Since I graduated from Duke in 2006, I’ve had probably a hundred job interviews, for positions ranging from biology lab technician to software engineer to pizza delivery driver to drapery installer to commercial truck driver. In all of those interviews, I’ve never been asked about Duke’s degrees or the types of courses they offer, or the courses I took (other than to confirm what degree I have), or my GPA. My choice of school was never a make-or-break factor in deciding whether I got a job offer. No one ever said to me, “Wow, Duke’s a really good school. You know, you’re a bit short of the skill set we’re looking for, but I’ll let it slide on account of your education and grades, and hire you anyway.” On rare occasion, an interviewer made a passing comment along the lines of, “So, Duke’s a really good school. Did you enjoy the experience?” Or else they asked me how much I loved Duke Basketball and whether I thought they’d make the Final Four this year… but never anything which connected my diploma to my ability to be successful at the company.

In virtually all cases, the interview questions focused on practical skills relating directly to the job that I would be performing, or else addressed general aspects of personal character, such as work ethic, honesty, etc. By and large, the focus has always been: Can you do the job that you’re applying for well, and without a lot of hand-holding – yes or no? The question was not, “Did you go to Harvard?” but rather, do you have the skills necessary to be a productive part of our company? And the reality is, just because a person attended an elite university does not imply that they possess any particular set of skills – technical, social, or otherwise. My Duke degree certainly didn’t equip me with much.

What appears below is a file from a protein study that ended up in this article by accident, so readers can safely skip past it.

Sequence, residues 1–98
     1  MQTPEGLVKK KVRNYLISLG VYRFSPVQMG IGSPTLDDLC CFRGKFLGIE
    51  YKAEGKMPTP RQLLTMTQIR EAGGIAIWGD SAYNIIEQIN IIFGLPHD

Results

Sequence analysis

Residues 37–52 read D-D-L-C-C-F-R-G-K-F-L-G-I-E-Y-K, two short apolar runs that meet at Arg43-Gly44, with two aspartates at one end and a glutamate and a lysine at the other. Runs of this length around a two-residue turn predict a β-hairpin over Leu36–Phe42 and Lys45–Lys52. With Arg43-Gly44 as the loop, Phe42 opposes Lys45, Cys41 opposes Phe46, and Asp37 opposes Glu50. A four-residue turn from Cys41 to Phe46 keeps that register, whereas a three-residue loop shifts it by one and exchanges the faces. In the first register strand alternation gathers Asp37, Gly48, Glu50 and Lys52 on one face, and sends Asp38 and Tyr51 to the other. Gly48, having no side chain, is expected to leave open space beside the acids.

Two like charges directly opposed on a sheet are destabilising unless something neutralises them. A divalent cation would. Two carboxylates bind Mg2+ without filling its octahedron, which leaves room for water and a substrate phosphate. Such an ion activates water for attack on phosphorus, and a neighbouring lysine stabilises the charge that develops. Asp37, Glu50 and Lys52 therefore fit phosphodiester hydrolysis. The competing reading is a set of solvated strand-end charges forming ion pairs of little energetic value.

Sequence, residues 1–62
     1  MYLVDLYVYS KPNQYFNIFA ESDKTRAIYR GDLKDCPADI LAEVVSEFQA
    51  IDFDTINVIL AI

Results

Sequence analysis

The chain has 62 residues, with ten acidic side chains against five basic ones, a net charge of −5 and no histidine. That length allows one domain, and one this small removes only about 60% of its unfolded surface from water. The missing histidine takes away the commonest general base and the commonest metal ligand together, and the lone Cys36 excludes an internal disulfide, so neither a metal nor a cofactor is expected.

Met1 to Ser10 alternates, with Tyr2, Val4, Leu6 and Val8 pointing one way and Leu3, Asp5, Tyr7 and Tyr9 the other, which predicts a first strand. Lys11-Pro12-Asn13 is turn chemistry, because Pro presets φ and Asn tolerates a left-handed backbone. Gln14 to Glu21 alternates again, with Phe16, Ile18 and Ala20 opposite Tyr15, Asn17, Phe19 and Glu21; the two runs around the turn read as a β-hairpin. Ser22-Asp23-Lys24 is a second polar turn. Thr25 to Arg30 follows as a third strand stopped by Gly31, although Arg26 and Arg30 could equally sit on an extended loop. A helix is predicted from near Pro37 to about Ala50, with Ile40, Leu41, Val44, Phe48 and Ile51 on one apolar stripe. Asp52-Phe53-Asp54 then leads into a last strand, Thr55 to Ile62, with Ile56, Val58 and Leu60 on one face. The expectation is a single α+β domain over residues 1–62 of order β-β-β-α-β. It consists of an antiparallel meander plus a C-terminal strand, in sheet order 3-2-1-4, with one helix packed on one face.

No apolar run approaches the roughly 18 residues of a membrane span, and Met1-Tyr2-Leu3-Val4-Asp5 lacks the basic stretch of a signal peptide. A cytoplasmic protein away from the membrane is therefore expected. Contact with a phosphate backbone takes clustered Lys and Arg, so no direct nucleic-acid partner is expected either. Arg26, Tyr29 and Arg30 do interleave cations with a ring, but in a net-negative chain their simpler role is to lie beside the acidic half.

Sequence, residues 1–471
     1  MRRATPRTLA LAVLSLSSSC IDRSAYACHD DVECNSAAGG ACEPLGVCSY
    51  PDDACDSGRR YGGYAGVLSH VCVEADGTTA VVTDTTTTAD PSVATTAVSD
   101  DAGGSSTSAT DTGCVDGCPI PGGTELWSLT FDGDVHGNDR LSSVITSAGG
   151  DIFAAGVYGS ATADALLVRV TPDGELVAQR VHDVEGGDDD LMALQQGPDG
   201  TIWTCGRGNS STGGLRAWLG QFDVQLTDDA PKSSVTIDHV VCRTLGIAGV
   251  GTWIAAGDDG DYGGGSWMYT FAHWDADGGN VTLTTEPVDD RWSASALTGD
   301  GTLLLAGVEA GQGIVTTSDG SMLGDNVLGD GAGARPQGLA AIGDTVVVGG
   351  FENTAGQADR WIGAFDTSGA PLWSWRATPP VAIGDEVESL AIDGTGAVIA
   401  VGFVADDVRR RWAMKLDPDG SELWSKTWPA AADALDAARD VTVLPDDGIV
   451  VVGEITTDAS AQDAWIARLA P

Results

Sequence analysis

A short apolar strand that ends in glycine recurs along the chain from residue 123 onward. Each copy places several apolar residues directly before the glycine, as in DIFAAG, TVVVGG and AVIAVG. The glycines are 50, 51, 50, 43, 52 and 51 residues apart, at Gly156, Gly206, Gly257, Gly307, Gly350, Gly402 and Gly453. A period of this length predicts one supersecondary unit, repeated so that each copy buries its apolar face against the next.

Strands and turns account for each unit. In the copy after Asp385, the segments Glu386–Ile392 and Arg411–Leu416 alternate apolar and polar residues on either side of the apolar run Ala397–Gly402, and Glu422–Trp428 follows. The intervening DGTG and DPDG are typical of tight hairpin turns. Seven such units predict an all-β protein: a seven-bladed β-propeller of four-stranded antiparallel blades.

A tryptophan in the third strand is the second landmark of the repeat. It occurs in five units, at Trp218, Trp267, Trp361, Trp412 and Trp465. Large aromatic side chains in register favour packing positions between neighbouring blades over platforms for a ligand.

When I first graduated and couldn’t find work, I was frustrated with the pragmatic attitude exhibited by companies where I applied. Here I was, having devoted so much of my adolescence and early 20s to my education, not to mention having spent $200,000 on college, and having accumulated an incredible amount of stress and burnout, just to attain the diploma that I have. And that wasn’t good enough? How dare they? It was infuriating. But after dozens of rejections which hinged on a lack of applicable skills (usually the rejection went something like, “You’re obviously a bright and well-educated young man, but you just don’t have the skill set or experience we need”), I took a step back and considered that maybe I was wrong.

And you know what? When I let go of my ego and my assumptions about the value of my degree, their perspective did make more sense than mine. I mean, let’s be honest: if you are hiring manager, who would you rather bring onto your team? Someone with a degree from Brown or Princeton who has nothing but theoretical knowledge and could take months if not years of training to become a productive member of your company, or someone with a more modest academic background who nonetheless already has most of the skills necessary to perform his role successfully, and will be able to hit the ground running?